News


Posh Bagel founders arrested for alleged insurance fraud

Authorities say owners failed to report $1.6 million in wages

Editors note: Mountain View's Posh Bagel on Castro Street is not owned by the suspects mentioned in this story. This updated story corrects errors from a previous version of the story published online Monday.

The owner and founder of several Bay Area bakeries has been arrested on suspicion of failing to report employee injuries and accurate hours worked, according to the California Department of Insurance.

Posh Bagel founder Jeffrey Michael Ottoveggio, 48, and his wife Cheryl Ann Lee, 39, were arrested Thursday at their home in Redwood City for workers' compensation insurance fraud.

The company's accountant/controller, 54-year-old Bruce William Campbell, was arrested at his home in Palo Alto.

Ottoveggio founded Posh Bakery and Posh Bagel. The company has 14 retail locations in all, including those in San Francisco, Santa Clara, Los Altos and San Jose. The Mountain View store is independently owned and operated by Chuck Whelan.

"The guys that own Posh are apparently bad actors," Whelan said Tuesday. "We buy two products from them, that is the extent of our affiliation."

Between January and September 2006, the company had an insurance policy with a subsidiary of Applied Underwriters. Payrolls were reported to Applied Underwriters on a bi-weekly basis so the insurance company could determine premiums for workers' compensation insurance, according to the insurance department.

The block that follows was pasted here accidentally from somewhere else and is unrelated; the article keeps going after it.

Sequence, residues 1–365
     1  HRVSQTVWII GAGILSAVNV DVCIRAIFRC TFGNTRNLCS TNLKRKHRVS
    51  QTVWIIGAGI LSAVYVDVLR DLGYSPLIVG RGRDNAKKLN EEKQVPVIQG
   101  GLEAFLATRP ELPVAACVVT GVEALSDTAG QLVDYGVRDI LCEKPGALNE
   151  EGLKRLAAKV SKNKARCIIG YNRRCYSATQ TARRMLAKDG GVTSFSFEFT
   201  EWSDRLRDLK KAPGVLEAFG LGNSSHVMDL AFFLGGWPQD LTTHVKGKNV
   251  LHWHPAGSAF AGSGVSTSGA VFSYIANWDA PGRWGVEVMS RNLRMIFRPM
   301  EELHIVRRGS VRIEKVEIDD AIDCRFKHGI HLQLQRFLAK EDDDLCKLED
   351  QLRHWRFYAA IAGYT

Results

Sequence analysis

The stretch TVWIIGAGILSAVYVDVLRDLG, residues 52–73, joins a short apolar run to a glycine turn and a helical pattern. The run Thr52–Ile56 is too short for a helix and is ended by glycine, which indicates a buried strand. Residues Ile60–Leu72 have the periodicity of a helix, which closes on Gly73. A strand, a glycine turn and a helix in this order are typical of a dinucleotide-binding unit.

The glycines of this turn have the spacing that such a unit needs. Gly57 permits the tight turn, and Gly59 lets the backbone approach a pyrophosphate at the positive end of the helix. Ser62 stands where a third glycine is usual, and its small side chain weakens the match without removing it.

In June, Applied Underwriters received an internal spreadsheet that contained two payroll records - one for Applied Underwriters and one for a second company. The sheet showed fewer hours were being submitted to Applied Underwriters.

The California Department of Insurance then launched an investigation and found Posh had underreported more than $1.6 million worth of earnings to Applied Underwriters.

The department also found Posh did not report two employees who cut themselves while cutting dough and needed sutures, injections and prescription medication.

The suspects were booked into Santa Clara County jail, and bail was set at $500,000 each.

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